Beesource Beekeeping Forums banner
1 - 7 of 7 Posts

·
Premium Member
Joined
·
45 Posts
Discussion Starter · #1 ·
An article in today's NYT caught my eye, but I found it frustratingly vague about the actual beekeeping itself, not to mention more pictures of modern Langstroth hives and equipment than the traditional hollow log hives.


So a quick google for "karakovan" yielded some interesting videos.

The first of which shows the hollow log hives in the article's subject's region's distinctive tree platforms, and a guy harvesting some honey. The action begins at 1m21s


But peoples of other regions, possibly those without bears, just stack hollow logs on the ground as their hives.


The honey harvesting seems to be much more civilized than skeps, with the honeycomb being cut out from the other end of the log away from the bees' entrance, instead of destroying the brood to get to the honey.

An article from earlier thread about traditional beekeeping says this is what traditional beekeeping throughout the Mediterranean looks like, although they used whatever resources were at hand, clay pots, rock hollows in cliffsides, or whatever.
 

·
Premium Member
Joined
·
45 Posts
Discussion Starter · #2 ·
Another Turkish video, showed a older gentleman displaying goat-like climbing skills making a swarm trap beehive using loose rocks and mud to seal up a hollow in a cliff face, then harvesting honey.

The video is cut short at the end, possibly the batteries in the camera ran out. I would have loved to see what he did with the bees he swept off the honey comb into a tarp bag.

 

·
Registered
Joined
·
1,114 Posts
An article in today's NYT caught my eye, but I found it frustratingly vague about the actual beekeeping itself, not to mention more pictures of modern Langstroth hives and equipment than the traditional hollow log hives.


So a quick google for "karakovan" yielded some interesting videos.

The first of which shows the hollow log hives in the article's subject's region's distinctive tree platforms, and a guy harvesting some honey. The action begins at 1m21s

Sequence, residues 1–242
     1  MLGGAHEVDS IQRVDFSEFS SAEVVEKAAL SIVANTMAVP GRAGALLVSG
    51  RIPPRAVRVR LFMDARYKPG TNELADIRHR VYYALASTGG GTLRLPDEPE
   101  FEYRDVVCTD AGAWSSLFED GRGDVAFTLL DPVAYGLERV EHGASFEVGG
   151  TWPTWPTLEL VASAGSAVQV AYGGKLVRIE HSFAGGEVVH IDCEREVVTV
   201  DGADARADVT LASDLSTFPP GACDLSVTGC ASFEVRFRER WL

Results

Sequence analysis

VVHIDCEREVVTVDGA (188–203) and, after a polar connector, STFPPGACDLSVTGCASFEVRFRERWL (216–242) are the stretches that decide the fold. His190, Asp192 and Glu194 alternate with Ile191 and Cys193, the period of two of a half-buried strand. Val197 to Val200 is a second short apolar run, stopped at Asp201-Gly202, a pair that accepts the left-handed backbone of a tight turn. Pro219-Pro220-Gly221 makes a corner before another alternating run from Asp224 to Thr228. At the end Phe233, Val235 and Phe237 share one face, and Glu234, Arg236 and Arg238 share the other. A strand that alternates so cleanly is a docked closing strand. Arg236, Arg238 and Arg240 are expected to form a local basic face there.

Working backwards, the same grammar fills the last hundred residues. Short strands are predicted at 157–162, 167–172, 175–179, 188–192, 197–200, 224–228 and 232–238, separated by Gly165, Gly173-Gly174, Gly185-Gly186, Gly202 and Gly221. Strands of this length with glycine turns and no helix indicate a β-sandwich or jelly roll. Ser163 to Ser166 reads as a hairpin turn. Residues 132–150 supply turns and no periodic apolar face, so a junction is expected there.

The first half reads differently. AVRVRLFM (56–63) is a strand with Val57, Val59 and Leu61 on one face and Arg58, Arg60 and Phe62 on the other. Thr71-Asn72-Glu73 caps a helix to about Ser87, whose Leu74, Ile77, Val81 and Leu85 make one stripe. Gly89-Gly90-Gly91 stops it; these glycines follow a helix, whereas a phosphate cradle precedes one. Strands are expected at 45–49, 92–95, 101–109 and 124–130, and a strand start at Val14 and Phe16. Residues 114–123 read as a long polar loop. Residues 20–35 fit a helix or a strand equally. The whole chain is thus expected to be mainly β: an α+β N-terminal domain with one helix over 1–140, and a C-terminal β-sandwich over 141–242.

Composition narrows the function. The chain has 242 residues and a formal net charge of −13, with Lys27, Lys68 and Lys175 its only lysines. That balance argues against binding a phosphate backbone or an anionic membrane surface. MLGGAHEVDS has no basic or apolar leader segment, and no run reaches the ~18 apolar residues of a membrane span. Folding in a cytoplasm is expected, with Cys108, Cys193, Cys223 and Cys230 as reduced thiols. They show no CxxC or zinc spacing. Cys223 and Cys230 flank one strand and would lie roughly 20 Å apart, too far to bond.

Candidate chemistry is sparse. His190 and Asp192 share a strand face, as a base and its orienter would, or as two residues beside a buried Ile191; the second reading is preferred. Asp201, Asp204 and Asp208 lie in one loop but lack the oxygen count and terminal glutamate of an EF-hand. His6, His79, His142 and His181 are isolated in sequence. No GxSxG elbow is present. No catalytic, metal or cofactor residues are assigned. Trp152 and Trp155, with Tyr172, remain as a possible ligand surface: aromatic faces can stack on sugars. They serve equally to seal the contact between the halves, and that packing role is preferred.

But peoples of other regions, possibly those without bears, just stack hollow logs on the ground as their hives.


The honey harvesting seems to be much more civilized than skeps, with the honeycomb being cut out from the other end of the log away from the bees' entrance, instead of destroying the brood to get to the honey.

An article from earlier thread about traditional beekeeping says this is what traditional beekeeping throughout the Mediterranean looks like, although they used whatever resources were at hand, clay pots, rock hollows in cliffsides, or whatever.
Thanks - interesting- solves the "snow " problem too. :)
 

·
Registered
Two 8-frame Langstroth hives
Joined
·
218 Posts
this is what traditional beekeeping throughout the Mediterranean looks like, although they used whatever resources were at hand, clay pots, rock hollows in cliffsides, or whatever.
This is a photo of one of the ancient apiaries in the island of Malta, in the mediterranean. Carved out in rock - they placed clay pipes in each of the windows and those doors lead to the back of the hives to harvest in a similar way to the videos above, from the back.

61347
 

·
Registered
Joined
·
8 Posts
Some notes on the actual beekeeping methods used in North East Turkey. The barrel hives can be made from the Lime or Linden tree.. Tilia species, which of course also is a nectar producer for the bees. The beautiful light coloured wood has a scent that attracts the swarms to colonise such hives. Other nectar and pollen plants are Rhododendron, blueberry and Sweet Chestnut.. Castanea species. I know Rhododendron honey is meant to be toxic, but I guess the bees get their food from such a variety of plants , that the Rhododendron component is watered down. The bees themselves are the Caucasian race. The two tribes that keep bees here are Hemshin and the Lazer. Both immigrated here in the past, from Armenia and the Caucasus mountains. The honey from these forests is very expensive. The honey from Kashkar valley, can sell at 100 dollars a pound! That surely is even more expensive than manuka honey from New Zealand! Thats why I cant believe that figure of 100 dollars.
 

·
Registered
Joined
·
474 Posts
Is it just me or maybe its just a US culture thing but it seems to me that the outdated "ancient" methods of anything really but especially beekeeping were just awe inspiring. I mean i look at that apiary in Malta & just find it incredible. We have boxes....which we pump chemicals into...with gizmos....regardless of being organic or not (not looking for that debate lol) but just the design/architecture of ancient things i find incredible, it was like an art form. we may have made it easier but i think we lost something along the way. Or im just being too nostalgic perhaps.
 
1 - 7 of 7 Posts
Top